I have had to deploy database applications in a variety of scenarios and very early on in my career I reached the conclusion that any means of automating the deployment process was a "Good Thing".
Manual deployment introduces a point of failure for even the most diligent DBA, particularly when that deployment has to take place in hours when most sane people are soundly asleep. Where I work at present downtime costs big money (a years salary in lost revenue for every minute) hence the early start.
This means that you would be undertaking a manual process under the following conditions: -
- Under stress due to cost considerations
- On 3 or 4 hours disturbed sleep
- Severely decaffeinated
The SQLCMD and its predecessors OSQL and ISQL offer a means of automating such deployments. However SQL Management Studio offers the facility to use SQLCMD from within SQL scripts by using SQLCMD Mode.
SQLCMD Mode can be activated/deactivated from a menu option within SQL Management Studio as shown below.
When SQLCMD Mode is engaged then the specific SQLCMD commands are shown on a grey background as shown below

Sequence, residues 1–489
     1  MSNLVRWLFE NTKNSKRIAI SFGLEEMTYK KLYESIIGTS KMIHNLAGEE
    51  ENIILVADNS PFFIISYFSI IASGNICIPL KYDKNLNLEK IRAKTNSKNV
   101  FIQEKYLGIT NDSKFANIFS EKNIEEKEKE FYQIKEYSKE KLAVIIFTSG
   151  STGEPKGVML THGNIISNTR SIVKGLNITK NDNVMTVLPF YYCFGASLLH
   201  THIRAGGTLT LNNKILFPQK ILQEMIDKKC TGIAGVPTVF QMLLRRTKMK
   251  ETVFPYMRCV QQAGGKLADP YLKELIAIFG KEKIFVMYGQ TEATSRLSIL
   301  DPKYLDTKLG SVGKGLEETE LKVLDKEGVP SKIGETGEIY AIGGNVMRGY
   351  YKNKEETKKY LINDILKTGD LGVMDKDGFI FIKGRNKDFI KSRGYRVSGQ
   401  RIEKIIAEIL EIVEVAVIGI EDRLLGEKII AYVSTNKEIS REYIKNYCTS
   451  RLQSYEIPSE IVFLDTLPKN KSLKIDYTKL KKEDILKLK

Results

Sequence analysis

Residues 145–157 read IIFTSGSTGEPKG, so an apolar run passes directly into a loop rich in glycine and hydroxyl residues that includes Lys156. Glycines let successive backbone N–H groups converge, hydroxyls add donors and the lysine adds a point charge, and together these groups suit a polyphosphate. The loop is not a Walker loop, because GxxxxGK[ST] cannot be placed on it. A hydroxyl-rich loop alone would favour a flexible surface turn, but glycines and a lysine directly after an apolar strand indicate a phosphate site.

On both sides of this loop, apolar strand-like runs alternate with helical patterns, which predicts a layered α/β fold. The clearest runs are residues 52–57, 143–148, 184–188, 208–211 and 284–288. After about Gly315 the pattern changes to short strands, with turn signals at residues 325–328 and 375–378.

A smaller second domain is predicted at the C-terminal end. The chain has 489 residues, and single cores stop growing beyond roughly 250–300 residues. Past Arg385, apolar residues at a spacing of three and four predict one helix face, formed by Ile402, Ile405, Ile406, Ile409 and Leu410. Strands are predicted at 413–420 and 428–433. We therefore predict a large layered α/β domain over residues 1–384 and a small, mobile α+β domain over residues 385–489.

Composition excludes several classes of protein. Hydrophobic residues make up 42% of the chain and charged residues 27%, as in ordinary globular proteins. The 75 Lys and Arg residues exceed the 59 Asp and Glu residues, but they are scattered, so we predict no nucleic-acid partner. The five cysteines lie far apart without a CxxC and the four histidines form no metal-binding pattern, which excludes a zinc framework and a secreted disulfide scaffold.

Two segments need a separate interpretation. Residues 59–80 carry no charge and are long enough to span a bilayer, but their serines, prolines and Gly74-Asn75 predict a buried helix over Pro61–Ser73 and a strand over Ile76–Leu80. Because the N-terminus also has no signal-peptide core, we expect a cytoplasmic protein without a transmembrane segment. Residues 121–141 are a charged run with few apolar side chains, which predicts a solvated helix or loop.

As you can see from the script above I have asked to connect to a database server called DBDevelopmentServer and run a query in the Adventureworks database.
Straight away we can see that it is possible to specify the server that a script is supposed to run on as part of the script.
This may sound like small beer but for me a typical deployment may involve tens of scripts all to be deployed to servers with remarkably similar names. Being able to state explicitly what server the scripts are to be run on gives a major advantage
- An incorrect server name will show up in any peer review
- The server name is "in-your-face"
User variables in SQLCMD Mode
The :setvar command is a useful addition in the SQLCMD arsenal.
We can refine our first sample script slightly to demonstrate its usage
By itself this does not look like a big deal but it demonstrates the following
- Connections can be made on user variables
- Databases can be specified in user variables
Running many files from a single INSTALL.SQL script
Ultimately we want to reach the point where we only have to run a single Install.SQL script to deploy an entire solution.
Fortunately SQLCMD mode has a suitable facility to allow this to happen. To demonstrate it I created a simple script called TestSQLCMD.SQL as follows